Phillies pitcher Halladay takes a breather during a workout before a MLB spring training baseball game with the Yankees in Clearwater

Roy Halladay’s depressing spring training ends on a mediocre note

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One can only hope that Roy Halladay has a different gear for the regular season than he’s had this spring, because it hasn’t been all that encouraging. Jim Salisbury of CSNPhilly.com has the wrapup from his final outing:

The righthander pitched 4 1/3 innings and allowed eight hits and two runs before leaving the game at his prescribed limit of 96 pitches.

Halladay has struggled much of the spring with ineffectiveness and diminished velocity. On the plus side, his velocity was better Thursday. His fastball sat between 88 and 90 mph, according to one scout, and he touched 91 mph. The pitcher’s command, however, was an issue. He was consistently up in the strike zone and at one point threw 10 balls in an 11-pitch stretch.

He walked two and struck out six. For the spring, Doc posted a 6.06 ERA in 16 and a third innings while allowing 21 hits while walking nine and striking out 16.

Silver lining: many have said that Halladay spent much of the spring trying to build up arm strength, so maybe being fine was not his primary goal.  The scary part: a lot of people say that about spring training.

Brewers sign Neftali Feliz

SEATTLE, WA - JUNE 29: Neftali Feliz #30 of the Pittsburgh Pirates delivers a pitch during the eighth inning of a game against the Seattle Mariners at Safeco Field on June 29, 2016 in Seattle, Washington. The Pirates won the game 8-1. (Photo by Stephen Brashear/Getty Images)
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The Brewers have signed Neftali Feliz to a one-year, $5.35 million contract. There are some performance incentives in the deal that could push it to $6.85 million. Feliz will likely open the 2017 season as the Brewers’ closer.

The 28-year-old righty is coming off of an impressive season with the Pirates. His hits allowed per nine innings were WAY down and his WHIP dipped sharply as well, despite the fact that he walked a few more dudes. That was offset by a big spike in his strikeout rate: from 7.3/9IP in 2015 to 10.2 last year. A blemish: he missed the last month of the season after suffering a bout of arm soreness, though no structural problem was ever uncovered, he’ll likely be good to go next month.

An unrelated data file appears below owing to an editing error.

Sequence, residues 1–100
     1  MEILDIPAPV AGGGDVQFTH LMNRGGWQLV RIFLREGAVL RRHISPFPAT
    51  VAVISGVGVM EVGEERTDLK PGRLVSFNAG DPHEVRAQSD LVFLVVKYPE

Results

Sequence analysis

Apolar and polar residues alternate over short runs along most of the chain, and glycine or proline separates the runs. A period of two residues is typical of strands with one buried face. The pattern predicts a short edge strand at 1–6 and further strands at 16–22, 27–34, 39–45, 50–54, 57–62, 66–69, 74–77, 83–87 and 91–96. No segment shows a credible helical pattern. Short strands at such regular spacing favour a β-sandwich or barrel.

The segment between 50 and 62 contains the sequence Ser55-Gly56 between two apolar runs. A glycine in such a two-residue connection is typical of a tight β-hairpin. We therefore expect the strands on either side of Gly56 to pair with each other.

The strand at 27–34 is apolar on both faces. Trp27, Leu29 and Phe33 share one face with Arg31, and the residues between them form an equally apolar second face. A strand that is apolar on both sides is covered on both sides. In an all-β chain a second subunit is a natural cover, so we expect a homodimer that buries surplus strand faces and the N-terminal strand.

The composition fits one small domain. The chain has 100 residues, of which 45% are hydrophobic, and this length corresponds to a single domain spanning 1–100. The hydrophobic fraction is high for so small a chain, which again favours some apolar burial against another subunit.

Marlins acquire starter Dan Straily from the Reds

CINCINNATI, OH - SEPTEMBER 3: Dan Straily #58 of the Cincinnati Reds throws a pitch during the first inning of the game against the St. Louis Cardinals at Great American Ball Park on September 3, 2016 in Cincinnati, Ohio. (Photo by John Sommers II/Getty Images)
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The Miami Marlins have acquired starting pitcher Dan Straily from the Cincinnati Reds. In exchange, the Reds will receive right-handed pitching prospects Luis Castillo and Austin Brice and outfield prospect Isaiah White.

For the Marlins, they get a solid starter who logged 191.1 innings of 113 ERA+ ball last year. Straily has moved around a lot in his five big league seasons — the Marlins will be his fifth club in six years — but it was something of a breakout year for him in Cincinnati. The only troubling thing: he tied for the league lead in homers allowed. Of course, pitching half of his games in Great American Ballpark didn’t help that, and Miami will be a better place for him.

Castillo is 24. He split last season between high-A and Double-A — far more of it in A-ball — posting a 2.26 ERA over 24 starts. Austin Brice is also 24. He pitched 15 games in relief for the Marlins last year at the big league level with poor results. He seemed to blossom at Triple-A, however, after the Marlins shifted him to the pen. White was a third round pick in the 2015 draft. He played low-A ball as a minor leaguer last year, hitting .214/.306/.301.

A mixed bag of young talent for the Reds, but stockpiling kids and seeing what shakes out is what a team like the Reds should be doing at the moment. For the Marlins: a solid mid-to-back end starter who may just be coming into his own.